After one of the most impressive and dominating years of her career, Serena Williams has been named the 2015 Sports Illustrated Sportsperson of the Year.
Serena is the third woman to receive the honor outright since its inception back in 1954, and the first since Mary Decker won the award back in 1983 — a span of 32 years.
At an age when most of her peers are well into retirement, the 34-year-old won the Australian Open, French Open, and Wimbledon in succession for the first time in her storied career. This gave her the second Serena Slam in her career — meaning she held all four major titles at once — and put her in contention to capture the Calendar Slam and tie Steffi Graf with 22 Grand Slams. She fell just short, falling to Italian Roberta Vinci in the semifinals of the U.S. Open, but still finished the year ranked No. 1 by a wide margin.
Despite other contenders such as Jordan Spieth and the horse American Pharoah (the Triple Crown winner who actually won the online readers’ poll for the award), Serena certainly deserved the award. It’s merely surprising that it took so long.
Overall, there have been only 10 women given the honor at Sports Illustrated. Billie Jean King was the first back in 1972, but she shared the honor with UCLA coach John Wooden that year. Chris Evert was the first woman to receive the award solo in 1976, followed by Decker in 1983.
Mary Lou Retton was a co-winner with track star Edwin Moses in 1984, while in 1987, both Judi Brown King and Patty Sheehan were part of a group of eight athletes honored by the magazine for their work in the community. Bonnie Blair shared her honor in 1994 with another speed skater, Johann Olav Koss, and in 1999, the U.S. Women’s National Team received the award as a group.
Pat Summit, the head coach of the University of Tennessee’s women’s basketball team, was the most recent woman to receive the award when she shared it with Duke head coach Mike Krzyzewski in 2011.
Serena has often been on the short-list for the Sportsperson of the Year award, but has always fallen short of winning it. This year, former U.S. Open champion Andy Roddick wrote on SI.com that the world No. 1 shouldn’t be discounted just because she’s been so great for so long:
The story of Serena Williams’s 2015 season is not new and it’s not shiny. It’s not a developing story a la Ronda Rousey or Carli Lloyd. There was a lot of sentiment around the U.S. women’s national team and Lloyd specifically this year — which there should have been — but that’s kind of what Serena does every year. That’s what she’s done for 16 years now. We can’t penalize Serena because she’s been winning everything for so long. Someone shouldn’t be punished because we’ve grown to expect it from them.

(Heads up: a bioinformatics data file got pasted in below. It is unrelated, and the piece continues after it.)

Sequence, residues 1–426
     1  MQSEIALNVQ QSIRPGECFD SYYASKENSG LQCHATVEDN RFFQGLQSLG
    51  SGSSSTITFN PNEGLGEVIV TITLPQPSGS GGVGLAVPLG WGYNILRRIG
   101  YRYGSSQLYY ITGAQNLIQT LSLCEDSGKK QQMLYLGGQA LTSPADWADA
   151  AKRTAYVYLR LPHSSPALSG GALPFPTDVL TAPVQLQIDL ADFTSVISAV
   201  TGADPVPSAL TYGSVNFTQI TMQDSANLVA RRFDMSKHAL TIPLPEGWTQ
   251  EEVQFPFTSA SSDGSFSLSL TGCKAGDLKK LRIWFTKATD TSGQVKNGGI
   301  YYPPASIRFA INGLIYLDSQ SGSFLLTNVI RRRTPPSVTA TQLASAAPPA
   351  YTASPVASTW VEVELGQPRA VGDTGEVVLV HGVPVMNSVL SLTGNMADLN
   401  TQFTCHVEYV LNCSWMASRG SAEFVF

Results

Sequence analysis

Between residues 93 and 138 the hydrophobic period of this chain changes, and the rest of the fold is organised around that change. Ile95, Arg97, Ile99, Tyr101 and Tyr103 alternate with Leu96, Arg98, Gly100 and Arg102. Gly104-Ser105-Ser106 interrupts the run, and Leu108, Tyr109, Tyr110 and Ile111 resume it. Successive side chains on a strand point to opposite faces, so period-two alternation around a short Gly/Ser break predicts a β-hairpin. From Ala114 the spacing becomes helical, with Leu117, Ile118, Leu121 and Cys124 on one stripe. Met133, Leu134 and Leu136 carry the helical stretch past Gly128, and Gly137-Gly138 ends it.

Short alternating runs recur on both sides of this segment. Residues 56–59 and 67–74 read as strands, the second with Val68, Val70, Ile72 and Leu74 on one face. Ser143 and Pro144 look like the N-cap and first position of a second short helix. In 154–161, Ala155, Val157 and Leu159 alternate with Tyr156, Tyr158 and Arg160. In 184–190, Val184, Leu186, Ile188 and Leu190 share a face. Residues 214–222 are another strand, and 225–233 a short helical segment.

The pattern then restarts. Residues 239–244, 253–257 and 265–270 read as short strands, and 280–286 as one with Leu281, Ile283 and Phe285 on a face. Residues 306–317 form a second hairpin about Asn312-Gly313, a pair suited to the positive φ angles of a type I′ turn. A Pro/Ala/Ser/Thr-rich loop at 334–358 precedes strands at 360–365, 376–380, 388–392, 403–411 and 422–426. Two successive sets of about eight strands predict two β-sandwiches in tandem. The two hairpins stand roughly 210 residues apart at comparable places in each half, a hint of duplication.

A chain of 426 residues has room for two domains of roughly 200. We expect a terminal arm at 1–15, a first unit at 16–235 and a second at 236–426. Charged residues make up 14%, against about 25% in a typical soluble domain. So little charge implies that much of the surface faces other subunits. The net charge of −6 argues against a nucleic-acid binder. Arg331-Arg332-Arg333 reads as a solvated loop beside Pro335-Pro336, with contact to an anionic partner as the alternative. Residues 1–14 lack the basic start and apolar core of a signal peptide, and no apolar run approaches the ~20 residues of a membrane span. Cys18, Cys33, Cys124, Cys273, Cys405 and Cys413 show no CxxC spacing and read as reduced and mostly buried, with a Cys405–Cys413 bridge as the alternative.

Sports Illustrated has long been under the microscope for its treatment of female athletes. Outside of its annual Swimsuit Issue it’s rare to see women on the cover of the weekly magazine, and when female athletes do get showcased, the magazine has been accused of over-sexualizing them.
There have already been criticisms that Serena’s Sportsperson of the Year cover is inappropriate, but the shot was actually her idea, intended “to express her own ideal of femininity, strength, power.”
As S.L. Price wrote in the story accompanying the honor, this award was given to Serena not only because of what she accomplished on the court — overcoming injuries and illnesses to win three majors in a row — but also what she accomplished off the court, returning to the tournament in Indian Wells for the first time since being subjected to racist chants from the crowd back in 2001, and using her platform to speak up about social injustices.
“This year was spectacular for me,” Serena wrote on Instagram. “For SportsIllustrated to recognize my hard work, my dedication, and my sheer determination gives me hope to continue on and do better. As I always say, it takes a village it’s not just one person. This is not just an accomplishment for me, but for my whole team. I am beyond honored. I love you guys! 2016? #letsdoit”